Look around on websites, and in magazines and you will hear that polarising filters are one of the most essential accessories for any photographer. Most photographers can’t do without some form of polarising filter, and most photo-journals will recommend one. In display technology these filters are becoming essential in delivering a great experience too.
So what’s so great about polarising filters? We take a look at some of the benefits of polarising filters over the following paragraphs.
Like all electromagnetic radiation, light has a wave nature. The wavelength and frequency are two characteristics of light, but aside from these another characteristic of light waves is their plane of rotation, which is what polarisation really means. This describes how light is structured when it bounces off objects.
Normal light is made up of waves polarised at various angles, such as vertical, horizontal and anything else between the two. If light is passed through a linear polarising filter, every plane of light, bar one, is cut off. The resulting light will be devoid of interfering waves. The image obtained therefore, appears without haze and gives off the famous deep blue sky effect.
The main advantages of polarised light can therefore be listed as follows:
- Water and indeed any other surface that has a partially reflective surface often reflects a linearly polarised part of randomly polarised light a lot more strongly than the rest. Blocking this off with a polarising filter cuts out glare and makes it possible for one to see beneath the surface of the water. This is great for people taking pictures of photographic aquatic life.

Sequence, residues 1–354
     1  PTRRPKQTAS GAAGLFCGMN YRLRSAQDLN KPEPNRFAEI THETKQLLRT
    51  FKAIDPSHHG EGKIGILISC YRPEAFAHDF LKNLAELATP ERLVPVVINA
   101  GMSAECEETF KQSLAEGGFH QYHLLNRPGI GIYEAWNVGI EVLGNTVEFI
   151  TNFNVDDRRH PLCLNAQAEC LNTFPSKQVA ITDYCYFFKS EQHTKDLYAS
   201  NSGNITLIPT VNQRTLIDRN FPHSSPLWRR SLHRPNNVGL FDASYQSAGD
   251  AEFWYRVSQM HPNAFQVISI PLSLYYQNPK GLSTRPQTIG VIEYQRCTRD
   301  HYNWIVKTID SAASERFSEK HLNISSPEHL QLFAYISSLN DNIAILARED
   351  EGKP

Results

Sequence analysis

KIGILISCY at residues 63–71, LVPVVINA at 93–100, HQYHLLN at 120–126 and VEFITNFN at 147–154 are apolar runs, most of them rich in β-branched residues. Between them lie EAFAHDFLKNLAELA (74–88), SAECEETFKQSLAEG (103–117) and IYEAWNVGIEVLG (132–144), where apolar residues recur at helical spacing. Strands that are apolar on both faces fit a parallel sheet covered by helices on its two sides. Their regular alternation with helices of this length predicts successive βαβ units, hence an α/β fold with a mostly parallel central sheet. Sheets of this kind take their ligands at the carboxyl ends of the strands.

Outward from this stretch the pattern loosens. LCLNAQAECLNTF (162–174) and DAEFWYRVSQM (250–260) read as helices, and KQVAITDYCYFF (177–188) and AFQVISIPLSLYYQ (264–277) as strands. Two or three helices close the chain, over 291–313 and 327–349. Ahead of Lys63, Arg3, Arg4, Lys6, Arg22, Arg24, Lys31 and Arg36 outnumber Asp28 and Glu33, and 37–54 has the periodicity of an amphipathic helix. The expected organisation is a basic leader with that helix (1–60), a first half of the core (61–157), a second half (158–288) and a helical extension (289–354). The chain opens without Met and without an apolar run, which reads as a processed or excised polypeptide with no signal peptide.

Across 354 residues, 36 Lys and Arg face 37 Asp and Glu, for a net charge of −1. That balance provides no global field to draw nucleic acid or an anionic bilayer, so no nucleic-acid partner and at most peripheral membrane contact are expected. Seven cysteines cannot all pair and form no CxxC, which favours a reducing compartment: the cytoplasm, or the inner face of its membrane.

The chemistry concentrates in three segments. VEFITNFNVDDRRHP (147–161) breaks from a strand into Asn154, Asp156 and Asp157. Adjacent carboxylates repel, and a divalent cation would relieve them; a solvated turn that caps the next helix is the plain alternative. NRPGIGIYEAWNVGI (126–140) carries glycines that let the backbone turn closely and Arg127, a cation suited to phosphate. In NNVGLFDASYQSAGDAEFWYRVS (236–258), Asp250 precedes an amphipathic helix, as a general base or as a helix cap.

- It removes haze and gives the sky deep blue colour that looks great in so many pictures.
- It creates an effect that makes it look as though the clouds are about to ‘pop out’.
- It cuts reflections from glass, metals and shiny surfaces, as can be seen on a sandy beach on a sunny day. This gives clearer, glare-free images.
- It cuts reflections from surfaces such as leaves, walls, etc. This makes the colours appear saturated and the shadows appear deeper and blacker.
- In bright sunlight, polarising filters can be used as neutral density filters.
Apart from the photography industry, polarising filters are useful in other industries. Some of them include the stress analysis industry, the medical industry, the electronics and electronic component industry, the scientific industry, the aerospace industry, and the defence industry. Virtually any industry that uses electronic displays will find polarising filters useful. This is because it reduces the glare of the electronic display while improving contrast.
There is a buzz [n the tech world around polarising filters. It is clear why the clamour is occurring, as the technology really can make our technology easier to use and more effective.